Official Red Wine of Summer!
Okay, you can finally stop asking about the Rosés!
What it is: Stupid-cheap Bobal from Spain that is both delicious and complex.
Why you need it: When Ryder first offered out a Bobal a few months ago, I was intrigued. Now, I'm a convert. This grape does magical things and the price (sub-$10) is too sweet to pass up. This needs to be in your house by the caseload for the coming months.
What it is: Oh, just the most iconic rosé duo in Guild history.
Liters and Liters of Riesling
All of which is to say, if you're a fan of Beaune whites like Chassagne-Montrachet, or of moderately-oaked California Chards, you really owe it to yourself to see what $21 can get you in the Macon in 2017. I'm pretty sure you'll be as smitten as we are.
Chianti Classico DOCG
As we enjoy Virginia's two-week-long Spring season, we must remember that it's about to get warm. Very, very warm. So, as you peel yourself off your lawn chair to get something to drink, make it this: A dry, citrusy German Riesling with screaming acidity, in a bottle big enough that you don't have to get up all that often.
Watermelon Juice / We'd Like To Say Hi
Today’s wine needs no theme, no double-entendre, puns, or any other form of metaphorical prose. Simply put: It’s a staple. The kind of wine you keep on-hand for the same reason you keep butter or olive oil. You just need it. There’re many wines I can live without; Chianti is NOT one of them.
La Follette Chardonnay 'Los Primeros' 2016
Rosemont manages to highlight complexities to Chambourcin previously unknown to us while at the same time taming the stereotypical ‘fox’ notes that we still associate with anything that isn’t vinifera. They craft a complex and clean sparkling wine that I’d swap out for a rose prosecco without a second thought.
Domaine les Hautes Cances Cotes du Rhone 'Cuvee Tradition' 2014
We’ve written previously about the glut of Cali Chard in the $10-$15 and $30-$50 ranges. On the lower end, you get a lot of new oak flavor and flab with very few examples proving to be anything close to ‘outstanding’ in quality. On the higher end, you end up paying for the prestige of the label, the real estate, the fancy tasting room experience, etc. To be sure, the wines can be good, even fabulous, but they’re not for the everyday consumer just looking for something delicious to drink on a Tuesday…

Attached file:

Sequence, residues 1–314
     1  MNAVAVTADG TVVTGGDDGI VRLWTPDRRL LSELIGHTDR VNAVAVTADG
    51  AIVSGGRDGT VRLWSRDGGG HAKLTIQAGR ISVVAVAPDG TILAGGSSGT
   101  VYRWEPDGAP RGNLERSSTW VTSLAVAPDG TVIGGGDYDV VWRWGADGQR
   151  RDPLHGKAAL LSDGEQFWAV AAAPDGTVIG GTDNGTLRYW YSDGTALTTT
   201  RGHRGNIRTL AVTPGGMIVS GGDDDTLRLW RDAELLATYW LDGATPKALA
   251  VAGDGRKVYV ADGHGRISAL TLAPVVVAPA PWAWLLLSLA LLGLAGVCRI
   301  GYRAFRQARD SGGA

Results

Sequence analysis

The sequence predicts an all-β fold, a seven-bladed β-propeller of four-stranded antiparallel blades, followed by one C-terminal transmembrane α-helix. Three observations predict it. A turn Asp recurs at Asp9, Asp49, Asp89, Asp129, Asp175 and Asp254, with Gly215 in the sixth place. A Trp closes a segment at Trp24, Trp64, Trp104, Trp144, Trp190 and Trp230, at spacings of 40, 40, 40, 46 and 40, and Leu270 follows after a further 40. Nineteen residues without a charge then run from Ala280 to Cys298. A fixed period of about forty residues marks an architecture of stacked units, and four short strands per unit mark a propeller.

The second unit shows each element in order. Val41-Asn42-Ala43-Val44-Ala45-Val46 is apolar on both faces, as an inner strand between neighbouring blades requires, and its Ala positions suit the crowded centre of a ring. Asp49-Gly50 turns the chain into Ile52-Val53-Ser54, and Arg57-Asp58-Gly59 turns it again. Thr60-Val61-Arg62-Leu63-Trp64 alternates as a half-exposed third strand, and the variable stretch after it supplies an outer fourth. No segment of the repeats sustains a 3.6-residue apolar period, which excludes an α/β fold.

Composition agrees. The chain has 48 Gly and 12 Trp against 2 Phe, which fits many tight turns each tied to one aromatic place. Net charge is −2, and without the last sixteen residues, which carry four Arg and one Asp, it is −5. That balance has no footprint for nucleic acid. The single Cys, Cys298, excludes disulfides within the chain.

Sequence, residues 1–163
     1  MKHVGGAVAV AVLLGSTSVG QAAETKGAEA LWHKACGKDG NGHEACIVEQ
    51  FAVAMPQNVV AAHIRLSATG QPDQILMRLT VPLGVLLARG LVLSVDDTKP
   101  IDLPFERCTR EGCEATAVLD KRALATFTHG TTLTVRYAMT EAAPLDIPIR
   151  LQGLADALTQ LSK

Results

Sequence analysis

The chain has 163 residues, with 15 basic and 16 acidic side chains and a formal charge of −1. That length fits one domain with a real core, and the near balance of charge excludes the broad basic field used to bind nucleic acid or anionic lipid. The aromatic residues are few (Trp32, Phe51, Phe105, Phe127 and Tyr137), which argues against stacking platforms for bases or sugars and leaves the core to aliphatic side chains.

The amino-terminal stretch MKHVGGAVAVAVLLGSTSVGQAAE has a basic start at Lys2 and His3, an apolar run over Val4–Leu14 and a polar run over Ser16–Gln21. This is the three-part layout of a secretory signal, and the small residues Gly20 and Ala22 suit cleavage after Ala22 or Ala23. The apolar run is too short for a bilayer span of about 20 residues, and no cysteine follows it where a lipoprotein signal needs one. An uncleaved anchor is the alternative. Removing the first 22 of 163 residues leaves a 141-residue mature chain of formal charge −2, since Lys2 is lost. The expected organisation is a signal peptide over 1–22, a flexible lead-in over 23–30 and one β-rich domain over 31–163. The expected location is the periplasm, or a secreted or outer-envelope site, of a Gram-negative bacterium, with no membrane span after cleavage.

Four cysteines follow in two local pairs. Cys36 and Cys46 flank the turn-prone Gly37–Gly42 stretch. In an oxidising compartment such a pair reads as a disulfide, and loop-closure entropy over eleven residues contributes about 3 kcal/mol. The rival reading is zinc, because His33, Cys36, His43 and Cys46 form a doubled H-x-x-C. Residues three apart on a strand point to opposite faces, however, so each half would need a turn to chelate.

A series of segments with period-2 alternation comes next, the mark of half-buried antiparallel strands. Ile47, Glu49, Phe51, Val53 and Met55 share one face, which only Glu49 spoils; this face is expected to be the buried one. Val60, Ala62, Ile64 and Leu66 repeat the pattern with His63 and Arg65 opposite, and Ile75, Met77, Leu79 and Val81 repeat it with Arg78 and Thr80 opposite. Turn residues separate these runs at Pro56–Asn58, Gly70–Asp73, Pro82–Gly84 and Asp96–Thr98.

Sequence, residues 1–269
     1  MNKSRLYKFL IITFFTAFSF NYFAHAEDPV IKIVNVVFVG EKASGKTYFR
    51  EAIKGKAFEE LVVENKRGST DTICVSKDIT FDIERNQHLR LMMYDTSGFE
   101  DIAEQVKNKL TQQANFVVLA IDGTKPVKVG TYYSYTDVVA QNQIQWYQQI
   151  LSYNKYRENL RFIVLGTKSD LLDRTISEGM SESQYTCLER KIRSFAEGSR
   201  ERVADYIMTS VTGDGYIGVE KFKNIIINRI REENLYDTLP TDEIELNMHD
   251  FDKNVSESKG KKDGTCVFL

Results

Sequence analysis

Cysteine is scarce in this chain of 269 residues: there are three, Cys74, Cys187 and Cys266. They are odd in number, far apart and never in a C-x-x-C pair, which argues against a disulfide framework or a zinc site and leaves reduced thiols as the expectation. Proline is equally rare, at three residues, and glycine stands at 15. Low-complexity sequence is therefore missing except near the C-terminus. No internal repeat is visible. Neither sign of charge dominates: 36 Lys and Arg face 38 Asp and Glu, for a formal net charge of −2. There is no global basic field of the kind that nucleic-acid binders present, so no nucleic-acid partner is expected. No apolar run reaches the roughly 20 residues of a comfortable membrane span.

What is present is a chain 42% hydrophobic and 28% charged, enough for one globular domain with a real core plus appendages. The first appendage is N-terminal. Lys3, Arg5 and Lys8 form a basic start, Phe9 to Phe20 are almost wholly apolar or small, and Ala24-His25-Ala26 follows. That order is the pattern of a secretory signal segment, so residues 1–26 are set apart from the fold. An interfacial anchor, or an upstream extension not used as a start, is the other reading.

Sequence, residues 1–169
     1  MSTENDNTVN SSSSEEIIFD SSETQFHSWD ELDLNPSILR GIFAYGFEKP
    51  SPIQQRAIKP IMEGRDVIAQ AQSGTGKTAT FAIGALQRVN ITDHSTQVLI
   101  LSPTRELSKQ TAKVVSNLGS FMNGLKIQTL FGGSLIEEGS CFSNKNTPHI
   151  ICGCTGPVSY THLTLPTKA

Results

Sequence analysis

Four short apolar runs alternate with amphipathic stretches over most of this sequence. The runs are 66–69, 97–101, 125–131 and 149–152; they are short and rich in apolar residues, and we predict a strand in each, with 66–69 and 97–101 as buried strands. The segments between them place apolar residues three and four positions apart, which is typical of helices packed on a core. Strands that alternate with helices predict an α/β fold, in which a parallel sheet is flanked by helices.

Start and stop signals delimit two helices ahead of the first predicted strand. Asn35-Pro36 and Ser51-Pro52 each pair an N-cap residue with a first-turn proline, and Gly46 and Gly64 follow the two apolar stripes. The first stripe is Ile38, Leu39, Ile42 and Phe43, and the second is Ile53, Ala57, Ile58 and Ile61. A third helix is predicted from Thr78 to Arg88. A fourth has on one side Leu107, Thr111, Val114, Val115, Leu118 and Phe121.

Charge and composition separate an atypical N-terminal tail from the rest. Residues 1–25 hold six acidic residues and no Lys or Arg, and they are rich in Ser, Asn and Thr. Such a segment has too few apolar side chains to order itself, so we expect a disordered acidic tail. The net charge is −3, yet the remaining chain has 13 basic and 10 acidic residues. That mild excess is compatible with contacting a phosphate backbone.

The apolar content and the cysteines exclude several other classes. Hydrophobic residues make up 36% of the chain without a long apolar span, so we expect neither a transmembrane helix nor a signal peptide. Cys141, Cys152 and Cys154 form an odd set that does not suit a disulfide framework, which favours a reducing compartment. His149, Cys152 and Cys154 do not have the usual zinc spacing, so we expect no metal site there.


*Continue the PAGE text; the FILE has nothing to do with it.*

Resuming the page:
Lionello Marchesi Toscano Rosso 'Insieme' 2015
This is far from the first time I've had the wines of Hautes Cances, and some of you might remember it as well. Nearly two years ago, Guild co-founder and wine OG Will Richey recommended the wines of Hautes Cances – and many of us fell in love with these wines.
The Perfect Spring Wine?
The best way I can describe this wine is a baby Brunello without as much barrel, and it's also more approachable due to the Syrah, Merlot, and Cab Sauv. This does see some wood - 15 months in big oak casks - but it's more of a structural move than it is a flavor addition. This is more straightforward, and less of a commitment on a weeknight, than Brunello, and it comes in at a very meagre $18 price tag (good luck finding worthy Brunello at twice that price).
Solid Gold Cadillac
Straight from the glass, a sweet bouquet of strawberry, kiwi, persimmon, and florals. Just so expressive, like spring in a bottle. Similar NZ Sauvignon Blanc in terms of nose tingling intensity, but leans more ripe strawberry and floral than grassiness, pyrazines, or grapefruit. In the mouth, the wine is delicate, but refreshing with a touch of residual sugar. Not enough to throw the wine out of balance or make you think “this is sweet” – the acidity buttresses the sweetness leaving you think it was fermented dry.
Argiolas Cannonau Di Sardegna 'Costera' 2016
as with the best Sauternes, the name of the game here is balance. Yes it's ripe and sticky, unctuous and mouth-coating...but it's also bright, lively, and full of energy. Great acidity, restrained sugar levels, and intense complexity all make this an excellent dessert wine with or without dessert (we had it without dessert, and it was just perfect). The finish is long and glimmering, but clean and proper too. For better or for worse, you will want more, even after the first bottle is gone. Well, of course, the kicker here is the price tag. How's $15 sound? Oh, yeah, that's for a 750mL, not a split. Seriously. This wine has no business being this inexpensive.
Once upon a time (before I could afford Barolo and Brunello) my go-to red for red sauce pastas, pizza, and other southern Italian fare was Cannonau, specifically from the Mediterranean island of Sardinia. My friend, Rita, a native Sardinian, introduced me to it back when we worked in the tasting room at King Family Vineyards. I was hooked. It had so many of the characteristics I liked (and still like) in a wine: Juicy ripe fruit, spice, power, and length. It delivered nuance and complexity without having to wait for bottle age, or spending big bucks.